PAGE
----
The build cost is an issue that is just as big as the lack of funding. Building the odd house here and there will never be sufficient to satisfy demand. Construction needs to be on an epic scale and needs to be in all areas of need geographically. We need to be looking at developments with tens of properties or even bigger. Unless we do this, there will be no meaningful impact on the housing waiting lists so site size is important. And obviously, if it costs about £100,000 to build a house, its reasonable to assume that it will cost a million to build 10 houses, substantial investment is required for this path and I have decided that I will never find an investor to invest the sort of money required for traditional construction.

Of course, new build is only one option; there is a growing market now for repurposing old buildings such as office blocks into residences. This is by no means a failsafe method to address the housing issue. The aforementioned Mayor of London wants a 3 bedroom property to be a minimum 74 square metres so again, the initial cost of acquiring the building and having a couple of flats on each floor renders the exercise uneconomical or unattractive to property developers in London. It is fair to say though that in areas where there is no minimum floor size restrictions, this model does quite well and often it is the case that the London Boroughs will farm out to the provinces, people from their waiting lists to properties that are already way below the standard that is required in London.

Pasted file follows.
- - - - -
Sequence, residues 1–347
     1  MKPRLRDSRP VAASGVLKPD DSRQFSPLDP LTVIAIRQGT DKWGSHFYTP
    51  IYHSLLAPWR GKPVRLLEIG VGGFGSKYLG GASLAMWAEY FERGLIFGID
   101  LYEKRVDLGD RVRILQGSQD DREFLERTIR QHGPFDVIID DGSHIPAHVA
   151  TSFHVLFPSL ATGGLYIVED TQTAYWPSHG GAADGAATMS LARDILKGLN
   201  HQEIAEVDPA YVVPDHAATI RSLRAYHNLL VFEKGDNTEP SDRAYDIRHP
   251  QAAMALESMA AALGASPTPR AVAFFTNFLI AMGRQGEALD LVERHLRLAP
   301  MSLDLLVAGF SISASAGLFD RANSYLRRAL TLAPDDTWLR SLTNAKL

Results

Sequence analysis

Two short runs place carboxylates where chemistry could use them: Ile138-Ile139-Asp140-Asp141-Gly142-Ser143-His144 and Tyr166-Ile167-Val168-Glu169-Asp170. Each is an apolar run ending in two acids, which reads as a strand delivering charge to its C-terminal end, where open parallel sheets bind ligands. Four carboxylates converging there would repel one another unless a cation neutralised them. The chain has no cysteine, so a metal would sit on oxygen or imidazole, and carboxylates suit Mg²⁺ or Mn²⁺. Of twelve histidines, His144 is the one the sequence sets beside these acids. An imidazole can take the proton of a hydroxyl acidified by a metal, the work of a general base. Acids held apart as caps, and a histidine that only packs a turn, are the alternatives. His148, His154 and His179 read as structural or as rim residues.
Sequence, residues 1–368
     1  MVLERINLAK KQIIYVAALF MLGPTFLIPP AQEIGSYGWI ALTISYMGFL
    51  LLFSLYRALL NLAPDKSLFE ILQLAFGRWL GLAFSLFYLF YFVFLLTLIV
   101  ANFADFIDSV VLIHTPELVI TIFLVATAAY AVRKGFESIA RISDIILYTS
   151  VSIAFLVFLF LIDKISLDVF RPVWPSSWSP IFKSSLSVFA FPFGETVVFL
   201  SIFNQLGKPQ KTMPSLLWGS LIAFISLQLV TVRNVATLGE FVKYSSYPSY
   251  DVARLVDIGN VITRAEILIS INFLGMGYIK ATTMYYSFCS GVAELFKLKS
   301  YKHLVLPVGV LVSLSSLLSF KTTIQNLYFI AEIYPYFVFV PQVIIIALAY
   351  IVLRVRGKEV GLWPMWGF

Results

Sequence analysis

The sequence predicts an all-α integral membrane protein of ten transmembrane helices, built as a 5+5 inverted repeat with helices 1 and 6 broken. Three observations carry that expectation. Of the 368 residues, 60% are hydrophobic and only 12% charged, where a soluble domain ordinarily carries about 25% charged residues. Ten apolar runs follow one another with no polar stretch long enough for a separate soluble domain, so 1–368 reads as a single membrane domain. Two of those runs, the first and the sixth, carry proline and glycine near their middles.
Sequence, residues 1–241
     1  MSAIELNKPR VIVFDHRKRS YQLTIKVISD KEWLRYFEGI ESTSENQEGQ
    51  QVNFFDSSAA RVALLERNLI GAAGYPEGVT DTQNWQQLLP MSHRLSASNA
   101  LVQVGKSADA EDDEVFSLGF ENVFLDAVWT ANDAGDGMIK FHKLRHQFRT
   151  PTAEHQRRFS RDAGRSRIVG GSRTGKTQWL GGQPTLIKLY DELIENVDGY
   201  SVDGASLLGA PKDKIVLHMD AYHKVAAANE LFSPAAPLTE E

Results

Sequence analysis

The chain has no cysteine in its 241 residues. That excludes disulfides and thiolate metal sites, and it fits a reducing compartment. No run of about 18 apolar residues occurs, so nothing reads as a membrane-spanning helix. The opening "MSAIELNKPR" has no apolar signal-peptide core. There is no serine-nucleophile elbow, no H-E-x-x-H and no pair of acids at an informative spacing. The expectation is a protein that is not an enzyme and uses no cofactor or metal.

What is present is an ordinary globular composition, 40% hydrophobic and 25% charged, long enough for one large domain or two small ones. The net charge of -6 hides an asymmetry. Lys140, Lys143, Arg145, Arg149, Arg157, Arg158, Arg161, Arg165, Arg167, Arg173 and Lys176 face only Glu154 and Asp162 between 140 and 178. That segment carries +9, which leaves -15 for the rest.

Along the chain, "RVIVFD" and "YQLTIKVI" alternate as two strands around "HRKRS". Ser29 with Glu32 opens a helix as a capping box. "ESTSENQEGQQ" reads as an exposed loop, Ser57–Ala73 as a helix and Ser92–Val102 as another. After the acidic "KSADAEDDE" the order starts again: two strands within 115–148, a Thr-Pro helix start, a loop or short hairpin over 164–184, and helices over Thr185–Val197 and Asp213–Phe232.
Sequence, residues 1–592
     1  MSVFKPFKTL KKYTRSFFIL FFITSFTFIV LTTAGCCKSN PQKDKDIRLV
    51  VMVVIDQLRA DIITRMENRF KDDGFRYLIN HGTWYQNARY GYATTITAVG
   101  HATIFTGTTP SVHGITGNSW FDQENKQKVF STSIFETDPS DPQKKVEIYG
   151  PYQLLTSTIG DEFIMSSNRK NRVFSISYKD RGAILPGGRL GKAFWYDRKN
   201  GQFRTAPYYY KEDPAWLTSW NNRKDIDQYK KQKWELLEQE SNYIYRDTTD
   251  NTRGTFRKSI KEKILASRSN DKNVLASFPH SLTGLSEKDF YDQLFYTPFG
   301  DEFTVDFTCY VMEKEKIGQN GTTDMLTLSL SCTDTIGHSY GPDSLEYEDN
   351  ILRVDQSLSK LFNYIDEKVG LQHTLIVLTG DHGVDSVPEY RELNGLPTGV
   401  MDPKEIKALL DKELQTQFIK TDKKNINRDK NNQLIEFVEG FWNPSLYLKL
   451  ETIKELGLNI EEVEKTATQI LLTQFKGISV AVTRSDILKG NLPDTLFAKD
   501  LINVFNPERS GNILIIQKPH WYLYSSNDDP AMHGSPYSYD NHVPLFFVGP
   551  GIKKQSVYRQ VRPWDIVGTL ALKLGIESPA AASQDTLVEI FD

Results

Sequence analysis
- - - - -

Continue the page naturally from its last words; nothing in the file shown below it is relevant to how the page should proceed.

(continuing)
Even if there was the available investment for these potential projects, the costs have to be covered from somewhere so who pays in the end? That’s right, the tenant. This is why rents have rocketed. Landlords will not pay out of their own pockets to build a home for you, they expect to get their money back so they put the rent up. This prices out of the market all f the families on low incomes, benefit recipients, essential services workers, etc. the private lettings industry is only available to those that can pay and landlords will insist that they do pay.